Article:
was composed mostly of serious essays on many topics. His first book, published in 2005, entitled Leaves for the Raking contained a montage of stories, essays, poetry, and observations on the human condition. Many of his essays had also appeared in Our Brown County for which he had been a regular contributor for many years. His second book, published in 2006, entitled Why Now?, detailed the evolution of his thinking and experiences as a conscientious objector. As time went on, we were all able to see a more humorous side to Hank Swain. His essays on serious subjects often had a surprise ending and later this developed into what he called tall tales. His definition of a tall tale? “Any tale is a story about something to be written or told. It should begin with a theme and follow a narrative progression to a conclusion. A tall tale follows the same story progression, but the writer becomes essentially a trickster. A well- crafted tall tale should seem plausible but not possible. As the story develops, the writer gradually injects into the tale humor, suspense, and a creeping

44 Our Brown County • Sept./Oct. 2014

skepticism so that by the end of the tale, the writer and the reader become partners in one of the oldest scams on earth.” In 2004, Hank and his wife Mardi began to sponsor a Tall Tale Contest held in the Brown County library. What could be more in keeping with the traditions of this community and its legacy of the Liars Bench? This was an annual event for four years. Later in 2012, the WRAPS partnered with the Brown County Literacy Coalitions and revived its event as part of the Liars Bench festival. it was a big hit. In the meantime, Hank taught classes about how to be a proper tall tale teller, and his book entitled, Hank’s Tall Tales and Harmless Exaggerations, appeared the same year. The stories for this year’s event should follow Hank’s definition of a tall tale, i.e. be plausible but not possible, and be original and no longer than 1000 words. From the entries submitted, five finalists will be chosen who will read or recite their tall tale in public. A panel of five judges will determine the winner. For more information, see contest rules posted on the facebook page, W.R.A.P.S. Forms will be available at the Brown County Library or contact Pam Raider at <> or (812) 988-0035. Submit your entry by September 26. Good luck. 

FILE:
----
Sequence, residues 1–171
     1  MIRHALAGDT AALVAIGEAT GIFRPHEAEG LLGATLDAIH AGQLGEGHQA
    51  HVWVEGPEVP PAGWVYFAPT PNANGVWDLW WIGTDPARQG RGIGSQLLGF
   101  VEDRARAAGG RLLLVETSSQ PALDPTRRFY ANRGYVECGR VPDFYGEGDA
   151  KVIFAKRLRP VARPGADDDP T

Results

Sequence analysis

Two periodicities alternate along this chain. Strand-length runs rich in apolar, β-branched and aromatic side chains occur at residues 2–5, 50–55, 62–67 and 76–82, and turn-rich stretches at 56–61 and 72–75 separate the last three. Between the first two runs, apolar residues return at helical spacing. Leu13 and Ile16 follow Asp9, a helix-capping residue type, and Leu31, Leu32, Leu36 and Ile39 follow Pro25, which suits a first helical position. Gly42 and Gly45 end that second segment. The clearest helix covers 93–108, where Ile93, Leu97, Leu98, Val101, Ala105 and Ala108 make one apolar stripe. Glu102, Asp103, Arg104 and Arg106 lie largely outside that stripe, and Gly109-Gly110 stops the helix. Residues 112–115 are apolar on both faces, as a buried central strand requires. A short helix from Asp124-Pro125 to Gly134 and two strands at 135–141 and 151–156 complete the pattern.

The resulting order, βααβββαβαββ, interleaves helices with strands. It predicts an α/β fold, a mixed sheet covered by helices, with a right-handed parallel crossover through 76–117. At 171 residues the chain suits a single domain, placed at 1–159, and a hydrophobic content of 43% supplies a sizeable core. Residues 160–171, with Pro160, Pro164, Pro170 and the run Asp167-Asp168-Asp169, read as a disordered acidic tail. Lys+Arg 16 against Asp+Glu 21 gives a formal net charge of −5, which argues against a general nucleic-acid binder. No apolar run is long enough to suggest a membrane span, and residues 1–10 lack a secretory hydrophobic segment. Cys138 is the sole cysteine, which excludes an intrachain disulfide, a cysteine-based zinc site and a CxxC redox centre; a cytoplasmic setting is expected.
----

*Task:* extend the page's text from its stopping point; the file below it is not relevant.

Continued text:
Nashville, Indiana’s #1 Fun Attraction


Open Year-Round Mon.–Sat. 10:00 AM to 5:00 PM Sun. Noon to 5:00 PM

Established in 1926, Brown County’s

original art gallery offers for sale artwork by contemporary artists and consigned early Indiana art. Selections from the Permanent Collections are also on display.


Trail Rides Relax on a journey with Grandpa Jeff. Take in the scenery and wildlife. No two rides will ever be the same —sunny summer days, fall colors, winter snowfalls, spring blossoms. Trail Rides, Pony Rides, Hay Rides Cattle Drives, and Custom Excursions

At least one hour notice. Trail Ride Reservations can be made by phone, e-mail, or through our website.

GEM MINE Pan for Gems Fossils Arrowheads

Fun and Educational for All Ages

At the



Just North of the Courthouse 79 N. Van Buren ~ (812) 988-2422

Estate Jewelry Antiques Paintingg

Things you can’t find anywhere else! Grandpa Jeff personally trained our horses to take exceptional care of your family and friends of all ages.

(812)597-4630 cell (812)272-0702 5889 S. Skinner Rd. Morgantown, Indiana

39 E. Franklin St. in Nashville

(North of Artists Colony Inn–next to where you board the train)

Painting Lessons available, call for times

812-988-4091• Also buying estate and vintage jewelry gold and silver (will travel).

Sept./Oct. 2014 • Our Brown County 45